Jose Melendez, Orlando's Mr. Gold
Gracing the cover of Orlando Weekly's 2012 Best of Orlando issue is no sweat, when you're Jose Melendez. Better known as Orlando's Mr. Gold, Melendez is the man in the gold lamé Elvis suit, dancing at the corner of Colonial Drive and Maguire Boulevard. His job is to get your attention, and then to get you inside the Diamond Exchange, where they trade (what else?) cash for gold.
As thermostats inch higher, and another cruel July makes us rethink why we live in Central Florida, Melendez will still be working outside, top hat and gold mask glinting in the sunlight. So how much is he hating his job right now? Not at all, it turns out.
"I don't like it, I love it," Melendez says. "One hundred percent."
In fact, he says he works better in the hot air. Melendez, 35, was a "house dad" for a couple of years before taking on the gig two years ago. An Orlando resident of 25 years, Melendez attended Oak Ridge High School before getting into trouble with the law.
"Being an ex-con, cause I am, I'm an ex-felon, it was hard for a while, yeah," he says, recalling a less gilded chapter in his life. "But I was given a chance to work."
That chance came from Jim and Virginia Ann Rodriguez, the owners of Diamond Exchange, who were already trying out a Mr. Gold character. But the role called for a more dazzling personality.
"They had one, but not one like me," Melendez says. "They used to have someone out there just waving."
Melendez, a single dad, knew he could do it better – and he does. He tips his gold top hat with a distinctive flick of his wrist, he engages people driving along Colonial, dancing nonstop the whole time he's out there. Maybe he's so good at his job because he's inspired by faith. He listens to gospel music while he's working, and he describes his job as a religious experience.
"It's more like praise and worship all day long," he says. "I don't call it routine ... it's worship."
When Melendez isn't working for the Diamond Exchange, he likes to spend time with his 7-year-old son, Elliott, who already exhibits his father's confidence and charm. When asked if he's currently single, Melendez responds carefully, "I got my eyes on this special woman. ...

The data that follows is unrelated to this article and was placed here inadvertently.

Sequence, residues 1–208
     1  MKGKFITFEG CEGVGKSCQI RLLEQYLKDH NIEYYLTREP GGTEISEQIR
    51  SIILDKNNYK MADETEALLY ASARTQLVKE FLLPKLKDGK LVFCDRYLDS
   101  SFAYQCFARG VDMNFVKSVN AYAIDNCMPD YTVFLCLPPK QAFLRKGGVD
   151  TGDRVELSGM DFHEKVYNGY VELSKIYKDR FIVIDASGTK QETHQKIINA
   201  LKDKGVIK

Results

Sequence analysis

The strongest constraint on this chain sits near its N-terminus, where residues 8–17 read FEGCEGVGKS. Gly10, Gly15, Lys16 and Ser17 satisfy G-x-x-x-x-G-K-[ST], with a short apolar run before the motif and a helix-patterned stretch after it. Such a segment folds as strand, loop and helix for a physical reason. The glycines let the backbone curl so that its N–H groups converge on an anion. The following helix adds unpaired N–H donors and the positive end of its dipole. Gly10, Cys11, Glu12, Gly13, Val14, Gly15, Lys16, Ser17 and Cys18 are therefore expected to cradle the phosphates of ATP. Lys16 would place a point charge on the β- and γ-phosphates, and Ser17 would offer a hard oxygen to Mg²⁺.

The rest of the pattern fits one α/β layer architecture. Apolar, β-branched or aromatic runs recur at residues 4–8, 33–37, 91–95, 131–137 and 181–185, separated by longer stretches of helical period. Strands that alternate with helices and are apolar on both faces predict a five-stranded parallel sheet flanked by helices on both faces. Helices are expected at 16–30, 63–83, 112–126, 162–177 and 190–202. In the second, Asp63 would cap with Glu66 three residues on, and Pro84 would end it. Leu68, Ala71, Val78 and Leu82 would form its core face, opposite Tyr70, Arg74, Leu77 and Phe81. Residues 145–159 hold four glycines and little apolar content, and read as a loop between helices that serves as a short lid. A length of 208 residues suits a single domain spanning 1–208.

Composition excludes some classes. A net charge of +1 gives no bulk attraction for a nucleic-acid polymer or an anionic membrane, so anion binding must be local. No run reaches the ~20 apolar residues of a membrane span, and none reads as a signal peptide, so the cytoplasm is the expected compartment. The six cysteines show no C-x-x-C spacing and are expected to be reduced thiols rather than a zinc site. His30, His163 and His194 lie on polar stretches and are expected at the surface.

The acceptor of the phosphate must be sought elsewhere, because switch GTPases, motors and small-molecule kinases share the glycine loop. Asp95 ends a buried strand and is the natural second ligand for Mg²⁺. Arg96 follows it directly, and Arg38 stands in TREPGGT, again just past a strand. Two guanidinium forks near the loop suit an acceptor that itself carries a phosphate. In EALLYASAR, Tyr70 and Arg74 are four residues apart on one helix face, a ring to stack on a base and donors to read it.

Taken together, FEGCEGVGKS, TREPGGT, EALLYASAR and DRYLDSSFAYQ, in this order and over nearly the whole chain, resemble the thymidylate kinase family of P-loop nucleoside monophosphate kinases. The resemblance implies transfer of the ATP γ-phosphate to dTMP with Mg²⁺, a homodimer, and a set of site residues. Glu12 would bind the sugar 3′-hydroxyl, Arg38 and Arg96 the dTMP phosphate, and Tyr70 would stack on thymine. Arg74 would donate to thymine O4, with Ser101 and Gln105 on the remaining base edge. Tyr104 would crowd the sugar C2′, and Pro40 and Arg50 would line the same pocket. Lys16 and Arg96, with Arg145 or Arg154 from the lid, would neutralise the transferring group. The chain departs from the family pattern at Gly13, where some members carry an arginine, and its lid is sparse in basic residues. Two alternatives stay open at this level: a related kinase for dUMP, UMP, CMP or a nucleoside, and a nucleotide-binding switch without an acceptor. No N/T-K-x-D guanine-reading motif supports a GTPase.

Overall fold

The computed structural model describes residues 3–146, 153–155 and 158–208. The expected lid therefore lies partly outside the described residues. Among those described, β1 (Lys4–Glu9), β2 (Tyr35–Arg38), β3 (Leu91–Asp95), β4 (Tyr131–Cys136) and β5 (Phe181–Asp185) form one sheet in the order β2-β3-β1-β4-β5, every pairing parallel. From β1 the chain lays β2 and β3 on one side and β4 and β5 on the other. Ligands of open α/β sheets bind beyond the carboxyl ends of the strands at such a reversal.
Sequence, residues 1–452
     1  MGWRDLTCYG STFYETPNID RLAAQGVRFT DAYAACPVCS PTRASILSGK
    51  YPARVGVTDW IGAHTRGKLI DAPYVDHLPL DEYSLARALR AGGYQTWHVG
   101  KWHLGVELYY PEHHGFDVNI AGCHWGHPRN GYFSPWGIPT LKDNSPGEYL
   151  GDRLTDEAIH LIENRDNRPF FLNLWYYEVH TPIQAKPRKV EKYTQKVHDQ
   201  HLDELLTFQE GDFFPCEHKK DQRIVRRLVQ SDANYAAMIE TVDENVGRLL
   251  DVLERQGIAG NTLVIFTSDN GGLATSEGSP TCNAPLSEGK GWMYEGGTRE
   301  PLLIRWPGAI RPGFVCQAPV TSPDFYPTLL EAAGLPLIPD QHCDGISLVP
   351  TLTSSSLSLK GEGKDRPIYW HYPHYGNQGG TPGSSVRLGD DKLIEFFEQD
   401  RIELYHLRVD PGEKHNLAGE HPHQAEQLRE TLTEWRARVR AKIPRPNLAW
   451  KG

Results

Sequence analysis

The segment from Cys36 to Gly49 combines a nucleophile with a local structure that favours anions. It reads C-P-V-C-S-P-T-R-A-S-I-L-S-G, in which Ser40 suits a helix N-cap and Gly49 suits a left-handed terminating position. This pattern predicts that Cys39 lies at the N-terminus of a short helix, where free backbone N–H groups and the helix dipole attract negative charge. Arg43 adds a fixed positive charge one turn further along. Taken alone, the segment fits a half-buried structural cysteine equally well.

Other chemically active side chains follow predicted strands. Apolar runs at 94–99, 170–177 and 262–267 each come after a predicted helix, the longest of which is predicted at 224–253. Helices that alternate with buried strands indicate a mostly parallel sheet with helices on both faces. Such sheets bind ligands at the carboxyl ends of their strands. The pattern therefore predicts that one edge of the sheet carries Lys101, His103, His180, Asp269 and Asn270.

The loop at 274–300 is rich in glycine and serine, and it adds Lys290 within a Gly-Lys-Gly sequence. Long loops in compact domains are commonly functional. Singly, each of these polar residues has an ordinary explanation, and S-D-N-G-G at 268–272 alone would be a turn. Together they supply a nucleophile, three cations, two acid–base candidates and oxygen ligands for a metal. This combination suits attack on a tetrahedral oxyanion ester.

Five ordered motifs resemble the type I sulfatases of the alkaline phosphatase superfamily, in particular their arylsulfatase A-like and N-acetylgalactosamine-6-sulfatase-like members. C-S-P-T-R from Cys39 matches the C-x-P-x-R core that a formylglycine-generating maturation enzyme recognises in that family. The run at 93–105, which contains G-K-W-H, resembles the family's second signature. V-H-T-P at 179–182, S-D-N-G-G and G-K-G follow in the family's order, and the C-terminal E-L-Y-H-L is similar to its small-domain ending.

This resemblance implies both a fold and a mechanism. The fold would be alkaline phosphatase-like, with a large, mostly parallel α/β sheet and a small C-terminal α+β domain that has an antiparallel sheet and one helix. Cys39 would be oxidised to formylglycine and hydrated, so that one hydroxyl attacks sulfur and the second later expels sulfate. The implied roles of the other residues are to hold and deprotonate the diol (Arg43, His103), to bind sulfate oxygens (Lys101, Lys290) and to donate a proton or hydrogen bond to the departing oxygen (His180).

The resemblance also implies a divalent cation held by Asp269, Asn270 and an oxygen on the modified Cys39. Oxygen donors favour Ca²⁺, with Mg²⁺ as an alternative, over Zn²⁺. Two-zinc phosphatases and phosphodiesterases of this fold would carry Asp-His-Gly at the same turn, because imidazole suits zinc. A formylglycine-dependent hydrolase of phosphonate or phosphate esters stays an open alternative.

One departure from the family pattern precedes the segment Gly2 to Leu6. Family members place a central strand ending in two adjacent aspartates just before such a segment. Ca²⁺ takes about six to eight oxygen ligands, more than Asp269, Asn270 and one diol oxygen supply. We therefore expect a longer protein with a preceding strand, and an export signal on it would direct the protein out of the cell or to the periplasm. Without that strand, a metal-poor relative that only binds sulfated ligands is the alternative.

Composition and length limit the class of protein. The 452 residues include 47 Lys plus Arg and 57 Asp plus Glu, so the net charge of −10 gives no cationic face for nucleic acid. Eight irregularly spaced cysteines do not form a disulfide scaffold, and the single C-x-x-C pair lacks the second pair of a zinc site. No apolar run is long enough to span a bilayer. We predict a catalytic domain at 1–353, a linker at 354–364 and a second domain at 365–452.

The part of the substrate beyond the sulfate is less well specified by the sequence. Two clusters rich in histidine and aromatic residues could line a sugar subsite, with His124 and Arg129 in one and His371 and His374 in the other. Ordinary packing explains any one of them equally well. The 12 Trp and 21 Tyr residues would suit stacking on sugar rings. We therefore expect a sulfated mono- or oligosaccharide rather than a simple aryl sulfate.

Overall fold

She's a very special, godly woman. And she know who she is."
In a steaming, sweltering city full of sign twirlers who look like they're one step up from rock-bottom, Melendez has made a bona fide career out of what is arguably one of the worst jobs in town. But Melendez doesn't see it that way – as unemployment continues to crush the spirits of thousands of Floridians, Melendez considers himself lucky.
"I said, 'I'm gonna turn this job into a career,' and I did." he says.
That's why we chose him to represent us in this issue – he embodies the spirit of the Best of Orlando.
Orlando and Orange County Domestic-Partner Registries
Last year, Orlando Mayor Buddy Dyer made it clear that he would move forward with a domestic-partner registry by the end of 2011, inspiring slightly more conservative Orange County Mayor Teresa Jacobs to wink that she might consider doing the same. But then something strange happened – Jacobs got all vague and general on the terms of such an ordinance, suggesting that people shouldn't even have to live together to register as domestic partners, and she gave the appearance of flaking. Meanwhile, the city went ahead and passed its ordinance in December. Immediately, the Orlando Anti-Discrimination Ordinance Committee sprung into action, pressuring Jacobs on her talking points and raising the public profile of the issue in the media. Eventually the committee pushed Jacobs away from her "you can be partners with your neighbor" stance and she finally agreed to sign an ordinance that offered the same scant rights to gay couples that the city's ordinance offers. Everybody wins! Eventually.